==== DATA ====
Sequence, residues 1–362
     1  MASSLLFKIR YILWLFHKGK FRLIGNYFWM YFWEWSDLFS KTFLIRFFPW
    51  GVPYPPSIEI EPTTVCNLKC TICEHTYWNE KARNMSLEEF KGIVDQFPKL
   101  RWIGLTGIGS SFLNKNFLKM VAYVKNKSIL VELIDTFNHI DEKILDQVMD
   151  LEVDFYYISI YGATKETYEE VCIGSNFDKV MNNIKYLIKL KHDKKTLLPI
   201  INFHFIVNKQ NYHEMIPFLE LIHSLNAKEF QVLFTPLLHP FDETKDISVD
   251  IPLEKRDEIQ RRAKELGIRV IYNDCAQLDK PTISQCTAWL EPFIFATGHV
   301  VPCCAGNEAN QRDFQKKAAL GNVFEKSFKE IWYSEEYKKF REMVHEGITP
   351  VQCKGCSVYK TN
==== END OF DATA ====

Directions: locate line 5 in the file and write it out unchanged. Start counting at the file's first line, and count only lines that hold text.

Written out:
   151  LEVDFYYISI YGATKETYEE VCIGSNFDKV MNNIKYLIKL KHDKKTLLPI